690 F.2d 35 (2nd Cir. 1982), 1230, In re Fidelity Mortg. Investors

Docket Nº:1230, Docket 82-5005.
Citation:690 F.2d 35
Party Name:In re FIDELITY MORTGAGE INVESTORS, Debtor. LIFETIME COMMUNITIES, INC., Appellant, v. The ADMINISTRATIVE OFFICE OF the UNITED STATES COURTS, Appellee.
Case Date:August 23, 1982
Court:United States Courts of Appeals, Court of Appeals for the Second Circuit
 
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690 F.2d 35 (2nd Cir. 1982)

In re FIDELITY MORTGAGE INVESTORS, Debtor.

LIFETIME COMMUNITIES, INC., Appellant,

v.

The ADMINISTRATIVE OFFICE OF the UNITED STATES COURTS, Appellee.

No. 1230, Docket 82-5005.

United States Court of Appeals, Second Circuit

August 23, 1982

Argued May 21, 1982.

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Theodore L. Freedman, Chicago, Ill. (James M. Lawniczak, Levy & Erens, Chicago, Ill., Kenneth H. Singer, Gen. Counsel, Lifetime Communities, Inc., Jacksonville, Fla., Eliot Lumbard, Lumbard & Phelan, New York City, on the brief), for appellant.

Stuart M. Bernstein, Asst. U. S. Atty., New York City (John S. Martin, Jr., U. S. Atty., S.D. N. Y., Richard N. Papper, Asst. U. S. Atty., New York City, on the brief), for appellee.

Before TIMBERS, VAN GRAAFEILAND and KEARSE, Circuit Judges.

VAN GRAAFEILAND, Circuit Judge:

Lifetime Communities, Inc., the successor by merger to the rights and obligations of Fidelity Mortgage Investors, a rehabilitated Chapter XI debtor, appeals from an order of the United States District Court for the Southern District of New York, 16 B.R. 477, Duffy, J., which affirmed an order of the bankruptcy court, Babitt, J. Judge Babitt's order had denied Lifetime's application for a reduction in fees totaling $1.65 million, which Lifetime is required to pay to the Referees' Salary and Expense Fund pursuant to section 40c(2)(b) of the Bankruptcy Act of 1898, ch. 541, 30 Stat. 544, as amended by Referees' Salary Act of 1946, ch. 512, 60 Stat. 323, 327 (repealed 1978). In seeking to avoid payment of this substantial amount, appellant argues that the promulgation of the fee schedule did not comply with the rulemaking provisions of the Administrative Procedure Act, ch. 324, 60 Stat. 237 (1946), recodified by Act of September 6, 1966, Pub.L.No.89-554, 80 Stat. 378, 381-88, 5 U.S.C. §§ 551-59, and that the fee was so unexpectedly large as to be inequitable.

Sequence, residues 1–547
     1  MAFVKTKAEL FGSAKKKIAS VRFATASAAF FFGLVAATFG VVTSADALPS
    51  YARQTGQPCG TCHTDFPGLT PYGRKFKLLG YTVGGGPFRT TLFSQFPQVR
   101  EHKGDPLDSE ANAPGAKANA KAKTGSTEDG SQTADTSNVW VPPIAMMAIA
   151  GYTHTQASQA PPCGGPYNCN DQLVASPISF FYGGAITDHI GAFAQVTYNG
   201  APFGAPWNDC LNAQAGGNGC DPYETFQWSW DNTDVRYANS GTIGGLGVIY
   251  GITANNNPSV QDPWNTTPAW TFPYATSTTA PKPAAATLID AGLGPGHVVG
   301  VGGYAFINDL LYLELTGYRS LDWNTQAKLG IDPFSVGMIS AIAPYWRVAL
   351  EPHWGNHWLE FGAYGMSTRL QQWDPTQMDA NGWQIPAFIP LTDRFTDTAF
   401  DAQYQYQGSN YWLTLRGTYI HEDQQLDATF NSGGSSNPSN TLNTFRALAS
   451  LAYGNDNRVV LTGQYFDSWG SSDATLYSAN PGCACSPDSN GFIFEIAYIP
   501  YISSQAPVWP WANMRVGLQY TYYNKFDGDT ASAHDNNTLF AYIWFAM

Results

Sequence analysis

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For the reasons hereafter discussed, we affirm.

Beginning with the short-lived Bankruptcy Act of 1800, ch. 19, 2 Stat. 19 (repealed 1803), and up to the Bankruptcy Act of 1978, Pub.L.No.95-598, 92 Stat. 2549 (codified at 11 U.S.C. §§ 101-1330) district judges were assigned the task of appointing bankruptcy referees or their counterparts. The 1898 Bankruptcy Act as originally enacted provided that "(s)uch number of referees shall be appointed as may be necessary to assist in expeditiously transacting the bankruptcy business pending in the various courts of bankruptcy." § 37, 30 Stat. at 555. However, nothing in the 1898 Act prescribed how the determination of necessity was to be made. This lack was remedied with the enactment of the Referees' Salary Act of 1946, ch. 512, 60 Stat. 323 (repealed 1978). That Act provided that the Director of the Administrative Office of the United States Courts, after making appropriate local and national surveys of pertinent conditions, should recommend to the district judges, the various circuit councils and the Judicial Conference the number of referees to be approved and the territory which each should serve. Id. § 37b(1), 60 Stat. at 325. The district judges were directed to make recommendations thereafter to their respective circuit councils, which in turn would make recommendations to the Judicial Conference. Id. "(I)n the light of the recommendations of the Director and of the councils", the Conference was to determine the number of referees to be appointed and the territories they were to serve. Id.

The primary aim of the Referees' Salary Act, was the replacement of the then-existing fee system for compensating referees with a salary system. S.Rep.No.959, 79th Cong., 2d Sess. 2, reprinted in 1946 U.S.Code Cong. Service 1231, 1232. The method prescribed for fixing referees' salaries was the same as that used in determining the need for referees. The Administrator reported to the district judges, the circuit councils, and the Judicial Conference. The district judges advised the councils, the councils made recommendations to the Judicial Conference and "in the light of the recommendations of the councils", the Conference determined the salaries. Referees' Salary Act § 37b(1), 60 Stat. at 325 & § 40c(2), 60 Stat. at 327.

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